Objective: To determine the association of maternal glycemia with childhood obesity and metabolic dysfunction.Study design: Secondary analysis of follow-up data 5-10 years after a mild gestational diabetes mellitus (GDM) treatment trial. The relationship between maternal oral glucose tolerance testing (OGTT) at 24-31-week gestation and body mass index (BMI), fasting glucose, insulin, and anthropometric measurements (sum of skinfolds, subscapular/triceps ratio, and waist circumference) in the offspring of untreated mild GDM and non-GDM (abnormal 50-g screen/normal OGTT) women was assessed. Multivariable regression modeling controlling for maternal and neonatal characteristics was employed.Results: A cohort of 236 untreated mild GDM and 480 non-GDM offspring were analyzed. In the combined cohort, significant correlations existed between fasting, 1, 2, and 3 h maternal glucose and subscapular/triceps ratio (all p < .04) and in all OGTT values other than the 2-hour value for homeostatic model assessment-estimated insulin resistance (HOMA-IR) (all p < .04) and sum of skinfold measurements (all p < .03). No correlation was found between OGTT values and childhood BMI Z-score. Multivariable regression modeling showed that OGTT values were associated with only sum of skinfolds and subscapular/triceps ratio and not with childhood BMI Z-score. Hispanic ethnicity and prepregnancy maternal BMI were most consistently related to childhood BMI Z-score and HOMA-IR, and Hispanic ethnicity with fasting glucose.Conclusions: Among women with untreated mild GDM and those without GDM, maternal glycemia is associated with childhood anthropometric measures of obesity but not childhood BMI, fasting glucose, or insulin resistance. Hispanic ethnicity, maternal BMI, and gestational weight gain were consistently related to childhood BMI.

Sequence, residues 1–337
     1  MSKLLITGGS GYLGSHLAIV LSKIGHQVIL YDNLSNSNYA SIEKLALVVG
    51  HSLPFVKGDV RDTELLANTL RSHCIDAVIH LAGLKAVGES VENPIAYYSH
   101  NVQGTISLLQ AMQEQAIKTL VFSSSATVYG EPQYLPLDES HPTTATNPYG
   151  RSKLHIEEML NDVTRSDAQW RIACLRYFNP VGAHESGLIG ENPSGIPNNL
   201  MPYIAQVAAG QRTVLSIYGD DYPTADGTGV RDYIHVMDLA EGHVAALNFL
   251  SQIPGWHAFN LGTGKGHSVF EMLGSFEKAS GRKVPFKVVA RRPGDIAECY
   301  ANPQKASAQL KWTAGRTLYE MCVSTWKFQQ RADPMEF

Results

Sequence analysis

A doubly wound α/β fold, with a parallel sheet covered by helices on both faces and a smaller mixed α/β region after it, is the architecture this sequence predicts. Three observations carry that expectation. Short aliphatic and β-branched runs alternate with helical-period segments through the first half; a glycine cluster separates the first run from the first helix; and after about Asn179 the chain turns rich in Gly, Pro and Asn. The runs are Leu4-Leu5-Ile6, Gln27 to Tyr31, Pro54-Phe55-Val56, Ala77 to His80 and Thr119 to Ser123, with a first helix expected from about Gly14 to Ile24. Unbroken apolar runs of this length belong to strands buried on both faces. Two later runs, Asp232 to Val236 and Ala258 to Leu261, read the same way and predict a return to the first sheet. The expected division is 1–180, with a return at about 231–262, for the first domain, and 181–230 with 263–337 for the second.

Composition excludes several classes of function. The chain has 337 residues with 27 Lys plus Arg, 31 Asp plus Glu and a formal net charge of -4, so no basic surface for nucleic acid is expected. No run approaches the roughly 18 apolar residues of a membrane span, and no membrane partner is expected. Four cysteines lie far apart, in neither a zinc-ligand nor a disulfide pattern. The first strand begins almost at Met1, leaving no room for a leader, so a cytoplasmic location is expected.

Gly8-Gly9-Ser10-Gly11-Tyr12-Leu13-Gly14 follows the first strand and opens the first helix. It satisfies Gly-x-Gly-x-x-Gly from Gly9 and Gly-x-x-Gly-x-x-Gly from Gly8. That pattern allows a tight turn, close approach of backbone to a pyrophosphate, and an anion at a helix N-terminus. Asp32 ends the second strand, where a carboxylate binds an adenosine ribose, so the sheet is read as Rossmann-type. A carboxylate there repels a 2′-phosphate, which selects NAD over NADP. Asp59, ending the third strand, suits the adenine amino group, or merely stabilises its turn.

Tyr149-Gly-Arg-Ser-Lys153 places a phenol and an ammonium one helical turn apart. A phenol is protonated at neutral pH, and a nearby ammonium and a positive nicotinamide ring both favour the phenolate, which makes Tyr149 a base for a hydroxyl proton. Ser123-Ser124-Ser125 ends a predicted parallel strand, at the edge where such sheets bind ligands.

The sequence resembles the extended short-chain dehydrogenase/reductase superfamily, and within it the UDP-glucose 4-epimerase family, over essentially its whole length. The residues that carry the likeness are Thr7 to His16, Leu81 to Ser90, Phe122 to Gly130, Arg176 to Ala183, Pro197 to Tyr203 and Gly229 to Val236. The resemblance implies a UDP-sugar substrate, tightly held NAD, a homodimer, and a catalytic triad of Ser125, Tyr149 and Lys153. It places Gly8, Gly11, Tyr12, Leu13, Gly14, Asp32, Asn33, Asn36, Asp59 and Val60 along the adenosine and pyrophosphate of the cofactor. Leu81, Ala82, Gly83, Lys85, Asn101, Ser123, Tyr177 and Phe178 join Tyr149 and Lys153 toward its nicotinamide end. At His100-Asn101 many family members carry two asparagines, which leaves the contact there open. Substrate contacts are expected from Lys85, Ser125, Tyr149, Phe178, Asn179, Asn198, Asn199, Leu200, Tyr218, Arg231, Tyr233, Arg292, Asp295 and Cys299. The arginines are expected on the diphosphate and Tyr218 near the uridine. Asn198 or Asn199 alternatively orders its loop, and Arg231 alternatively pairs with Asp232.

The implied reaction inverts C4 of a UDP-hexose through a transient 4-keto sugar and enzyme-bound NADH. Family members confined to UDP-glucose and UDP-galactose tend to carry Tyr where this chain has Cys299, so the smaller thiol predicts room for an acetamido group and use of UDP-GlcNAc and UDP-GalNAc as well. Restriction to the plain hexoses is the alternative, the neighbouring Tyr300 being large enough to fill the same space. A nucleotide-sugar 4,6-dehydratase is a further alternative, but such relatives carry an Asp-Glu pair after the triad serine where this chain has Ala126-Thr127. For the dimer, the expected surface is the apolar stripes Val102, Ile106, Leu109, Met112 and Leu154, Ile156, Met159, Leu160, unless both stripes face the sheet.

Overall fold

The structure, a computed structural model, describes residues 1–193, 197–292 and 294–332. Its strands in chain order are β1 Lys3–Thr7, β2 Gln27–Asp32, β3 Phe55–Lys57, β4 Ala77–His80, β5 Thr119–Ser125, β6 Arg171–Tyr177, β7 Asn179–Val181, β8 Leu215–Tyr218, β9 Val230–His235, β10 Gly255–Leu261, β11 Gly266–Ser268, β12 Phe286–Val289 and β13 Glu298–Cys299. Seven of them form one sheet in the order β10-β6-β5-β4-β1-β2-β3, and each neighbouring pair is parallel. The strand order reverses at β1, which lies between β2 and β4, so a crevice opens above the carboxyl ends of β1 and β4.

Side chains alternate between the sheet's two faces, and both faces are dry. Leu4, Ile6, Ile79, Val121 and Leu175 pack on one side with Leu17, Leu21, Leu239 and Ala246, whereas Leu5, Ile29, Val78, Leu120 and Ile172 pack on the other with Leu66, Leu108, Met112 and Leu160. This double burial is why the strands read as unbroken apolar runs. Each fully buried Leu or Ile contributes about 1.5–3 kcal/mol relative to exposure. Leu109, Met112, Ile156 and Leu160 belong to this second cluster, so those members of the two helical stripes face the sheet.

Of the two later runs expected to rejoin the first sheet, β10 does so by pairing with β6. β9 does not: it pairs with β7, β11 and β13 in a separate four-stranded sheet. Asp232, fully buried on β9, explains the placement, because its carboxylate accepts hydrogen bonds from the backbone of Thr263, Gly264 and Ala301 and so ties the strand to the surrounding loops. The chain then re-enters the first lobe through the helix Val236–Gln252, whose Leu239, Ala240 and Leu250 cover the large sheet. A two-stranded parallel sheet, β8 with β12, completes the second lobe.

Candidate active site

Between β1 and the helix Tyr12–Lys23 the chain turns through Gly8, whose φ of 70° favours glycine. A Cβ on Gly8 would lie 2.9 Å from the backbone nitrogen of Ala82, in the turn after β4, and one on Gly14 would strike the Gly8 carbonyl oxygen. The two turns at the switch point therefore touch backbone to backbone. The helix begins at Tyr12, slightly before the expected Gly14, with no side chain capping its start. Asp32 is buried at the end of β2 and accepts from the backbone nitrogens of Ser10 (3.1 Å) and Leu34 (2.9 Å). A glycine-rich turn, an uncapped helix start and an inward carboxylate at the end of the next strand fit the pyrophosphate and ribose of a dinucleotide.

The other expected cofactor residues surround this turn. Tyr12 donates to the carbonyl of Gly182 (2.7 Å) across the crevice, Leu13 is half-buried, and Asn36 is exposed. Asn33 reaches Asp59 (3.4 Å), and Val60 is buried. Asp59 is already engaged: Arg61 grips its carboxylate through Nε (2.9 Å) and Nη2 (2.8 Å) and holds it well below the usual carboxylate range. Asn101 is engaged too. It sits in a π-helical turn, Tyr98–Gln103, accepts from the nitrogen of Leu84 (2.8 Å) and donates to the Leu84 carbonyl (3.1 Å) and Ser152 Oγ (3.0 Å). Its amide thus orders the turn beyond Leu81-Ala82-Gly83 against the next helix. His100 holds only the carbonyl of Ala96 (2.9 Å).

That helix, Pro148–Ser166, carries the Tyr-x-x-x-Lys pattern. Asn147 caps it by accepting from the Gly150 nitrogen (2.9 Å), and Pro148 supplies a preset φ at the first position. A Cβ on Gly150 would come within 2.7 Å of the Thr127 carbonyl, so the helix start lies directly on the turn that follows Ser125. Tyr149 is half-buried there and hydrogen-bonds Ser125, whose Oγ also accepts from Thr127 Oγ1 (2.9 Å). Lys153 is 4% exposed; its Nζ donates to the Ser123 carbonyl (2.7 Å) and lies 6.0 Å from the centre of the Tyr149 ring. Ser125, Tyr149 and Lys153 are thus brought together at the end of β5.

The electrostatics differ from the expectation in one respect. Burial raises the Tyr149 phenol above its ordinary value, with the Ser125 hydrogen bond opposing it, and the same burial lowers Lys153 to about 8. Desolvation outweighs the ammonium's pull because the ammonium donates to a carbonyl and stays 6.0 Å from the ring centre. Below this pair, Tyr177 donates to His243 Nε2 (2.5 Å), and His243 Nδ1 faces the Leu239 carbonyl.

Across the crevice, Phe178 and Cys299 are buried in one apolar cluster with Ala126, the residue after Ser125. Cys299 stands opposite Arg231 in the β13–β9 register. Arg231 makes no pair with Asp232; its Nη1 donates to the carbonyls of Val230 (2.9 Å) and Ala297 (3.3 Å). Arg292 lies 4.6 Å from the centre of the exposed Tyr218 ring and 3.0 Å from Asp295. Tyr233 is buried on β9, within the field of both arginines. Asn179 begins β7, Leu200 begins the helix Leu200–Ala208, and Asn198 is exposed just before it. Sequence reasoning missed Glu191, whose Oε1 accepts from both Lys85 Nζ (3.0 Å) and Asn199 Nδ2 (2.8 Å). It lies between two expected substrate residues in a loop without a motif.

Keywords: Childhood obesity; fetal programing; maternal diabetes.